Algorithms allow for much of the modern internet to function, but they can also come with tragic consequences.
It has emerged that Nasim Aghdam, the woman who went on a shooting spree at YouTube’s office before taking her own life, was a YouTube content creator angry with the company’s policies. Yesterday, Aghdam had entered YouTube’s San Bruno office and shot 4 people, one of whom is said to be in critical condition. She had later turned her gun on herself.
While the authorities are still to make a statement on her motives, her personal website shows her struggles as a YouTuber, with a growing disenchantment with the platform’s policies. “My revenue for 300,000 views was $0.1?” she’d angrily posted. “This video got age restricted after new close-minded youtube employees, got control of my farsi youtube channel last year 2016 & began filtering my videos to reduce views & suppress & discaurage me from making videos!,” she’d alleged.
Aghdam appeared to be a serial YouTuber, running 4 separate YouTube channels. She wasn’t particularly popular — her channels, which have since been taken down, had between 4000-5000 subscribers, and she talked about several issues, including taking up veganism. But she seemed to be particularly unhappy with what she called YouTube’s censorship. “There is no free speech in the real world and you will be suppressed for telling the truth that is not supported by the system. Videos of targeted users are filtered and merely relegated so that people can hardly see their videos,” she’s said.
She also seemed worried about how YouTube was running as a dictatorship, and turning people to “programmed robots”. “Be aware! Dictatorship exists in all countries but with different tactics! They only care for personal and short-term profits and do anything to reach their goals even by fooling simple-minded people, hiding the truth, manipulating science and everything, putting public mental and physical health at risk, abusing non-human animals, polluting the environment, destroying family values, promoting materialism and sexual degeneration in the name of freedom and turning people into programmed robots!,” she’d written on her site.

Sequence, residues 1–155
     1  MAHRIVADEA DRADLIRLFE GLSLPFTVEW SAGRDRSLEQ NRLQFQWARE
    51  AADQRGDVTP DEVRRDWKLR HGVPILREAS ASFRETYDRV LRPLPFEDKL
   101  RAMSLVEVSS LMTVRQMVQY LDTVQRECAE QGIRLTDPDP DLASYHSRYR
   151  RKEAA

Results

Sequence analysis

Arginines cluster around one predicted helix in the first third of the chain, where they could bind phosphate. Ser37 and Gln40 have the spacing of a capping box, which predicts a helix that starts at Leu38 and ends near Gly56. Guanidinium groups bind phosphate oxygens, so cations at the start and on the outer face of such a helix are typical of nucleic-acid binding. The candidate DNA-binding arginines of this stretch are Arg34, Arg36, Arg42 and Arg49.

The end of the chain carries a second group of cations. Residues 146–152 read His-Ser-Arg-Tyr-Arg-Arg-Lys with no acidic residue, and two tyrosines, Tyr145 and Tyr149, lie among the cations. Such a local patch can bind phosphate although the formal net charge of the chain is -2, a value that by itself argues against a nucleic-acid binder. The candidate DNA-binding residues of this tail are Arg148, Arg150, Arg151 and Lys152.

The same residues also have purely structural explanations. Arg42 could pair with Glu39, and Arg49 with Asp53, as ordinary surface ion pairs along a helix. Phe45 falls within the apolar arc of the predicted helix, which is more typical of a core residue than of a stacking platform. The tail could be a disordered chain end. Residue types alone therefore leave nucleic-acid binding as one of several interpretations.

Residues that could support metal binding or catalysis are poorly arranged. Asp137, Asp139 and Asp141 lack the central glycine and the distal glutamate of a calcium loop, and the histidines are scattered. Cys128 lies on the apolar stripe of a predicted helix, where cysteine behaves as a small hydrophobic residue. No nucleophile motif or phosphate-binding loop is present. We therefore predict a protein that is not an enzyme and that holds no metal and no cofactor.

It appears that her plan to attack the YouTube office was premeditated. Her father, Ismail Aghdam, had informed the police the day before the shooting of his “daughter’s violent anger towards YouTube”, saying he was concerned about her grievances with the online video platform. Her father said she “hated” YouTube after it stopped paying her for videos.The night before the shooting, local police had found her sleeping in her car, 30 miles southeast of YouTube’s headquarters in San Bruno.
Aghdam wasn’t the only YouTuber concerned with the platform’s policies — over the last few months, YouTube had changed its monetization policies that allowed only large content creators to make money from the platform. In an event popular YouTubers had dubbed the adocalypse, many content creators had seen their earning plummet after YouTube had changed its algorithms. YouTube had also been criticized for what many thought were arbitrary video demonetization rules, under which it didn’t allow ads to run on certain kinds of videos, thus preventing their creators from making money off them.
There had been growing discontent with YouTube among video creators, but nobody could’ve imagined it would culminate in a shooting on its campus by a disgruntled YouTuber.